Theme Of Irony In The Cask Of Amontillado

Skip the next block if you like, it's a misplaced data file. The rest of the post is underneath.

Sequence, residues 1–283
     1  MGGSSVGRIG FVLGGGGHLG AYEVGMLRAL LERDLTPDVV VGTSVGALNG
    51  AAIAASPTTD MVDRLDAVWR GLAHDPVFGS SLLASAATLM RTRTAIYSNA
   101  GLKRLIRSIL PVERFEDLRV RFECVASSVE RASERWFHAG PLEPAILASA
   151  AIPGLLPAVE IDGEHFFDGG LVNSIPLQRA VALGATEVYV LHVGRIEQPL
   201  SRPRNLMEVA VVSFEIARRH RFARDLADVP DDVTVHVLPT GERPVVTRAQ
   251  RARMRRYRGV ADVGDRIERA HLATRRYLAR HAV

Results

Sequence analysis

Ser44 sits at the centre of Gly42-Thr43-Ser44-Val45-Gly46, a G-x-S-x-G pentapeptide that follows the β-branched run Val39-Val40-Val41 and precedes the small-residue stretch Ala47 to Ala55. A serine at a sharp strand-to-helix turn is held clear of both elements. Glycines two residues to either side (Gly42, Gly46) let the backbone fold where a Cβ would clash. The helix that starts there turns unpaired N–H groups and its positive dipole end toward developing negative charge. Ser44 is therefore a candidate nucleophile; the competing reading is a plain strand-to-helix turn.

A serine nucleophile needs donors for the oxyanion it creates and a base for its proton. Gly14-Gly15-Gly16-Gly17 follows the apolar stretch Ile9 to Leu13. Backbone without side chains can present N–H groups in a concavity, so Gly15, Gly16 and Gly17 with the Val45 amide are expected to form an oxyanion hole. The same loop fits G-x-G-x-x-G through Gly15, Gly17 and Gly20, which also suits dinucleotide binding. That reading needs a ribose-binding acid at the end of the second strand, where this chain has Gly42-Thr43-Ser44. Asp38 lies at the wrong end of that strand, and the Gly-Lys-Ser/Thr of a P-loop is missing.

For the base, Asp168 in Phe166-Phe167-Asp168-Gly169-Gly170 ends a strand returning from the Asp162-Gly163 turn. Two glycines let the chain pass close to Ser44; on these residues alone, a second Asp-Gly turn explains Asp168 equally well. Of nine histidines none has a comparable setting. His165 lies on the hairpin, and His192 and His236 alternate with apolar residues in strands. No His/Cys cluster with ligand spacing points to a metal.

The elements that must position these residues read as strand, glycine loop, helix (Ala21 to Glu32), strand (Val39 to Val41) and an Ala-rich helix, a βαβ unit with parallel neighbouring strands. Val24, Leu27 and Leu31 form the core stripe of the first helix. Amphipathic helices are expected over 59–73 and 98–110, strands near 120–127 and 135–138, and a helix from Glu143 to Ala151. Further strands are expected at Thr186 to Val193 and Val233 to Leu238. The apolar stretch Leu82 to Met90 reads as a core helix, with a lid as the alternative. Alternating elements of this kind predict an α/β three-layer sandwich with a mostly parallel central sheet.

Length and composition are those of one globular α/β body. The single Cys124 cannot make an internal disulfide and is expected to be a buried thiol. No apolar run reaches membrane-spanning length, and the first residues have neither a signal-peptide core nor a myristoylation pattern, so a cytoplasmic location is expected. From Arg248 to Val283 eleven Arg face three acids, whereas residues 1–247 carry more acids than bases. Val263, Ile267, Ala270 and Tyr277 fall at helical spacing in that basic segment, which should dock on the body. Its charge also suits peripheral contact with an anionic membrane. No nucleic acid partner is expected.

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All of Edgar Allen Poe’s short story “The Cask of Amontillado” takes place in the catacombs beneath the home of Montresor. Montresor lures Fortunato down into the catacombs to kill him for insulting him. Montresor lures Fortunato by telling him he has a cask of Amontillado in the catacombs under the house. They get to the end of the catacombs and Montresor lures Fortunato into a dark room. While Fortunato is looking around for the Amontillado, Montresor is building a wall to block Fortunato in which kills him. The story may seem simple at first, but Edgar Allen Poe littered it with ironies. Poe used both verbal and dramatic ironies. The ironies show a deeper meaning in everything Montresor says and in his actions. The first type of irony in the story, “The Cask of Amontillado”, is verbal irony. The first thing Montresor says to Fortunato is ironic. Montresor says, “My dear Fortunato, you are luckily met” (237). Montresor wants Fortunato to think he wanted to see Fortunato, but in reality it was the perfect time for murder. Fortunato has a cold and is coughing. Fortunato says “the cough’s a mere nothing, it will not kill me. I shall not die of a cough”. Montresor replies “True—True” (238). This is ironic because Montresor knows Fortunato will not die of a cough. Montresor knows he is going to kill Fortunato. Montresor keeps trying to turn back, which only encourages Fortunato to continue onwards. Montresor says, “we will go back your health is precious” (238). This is
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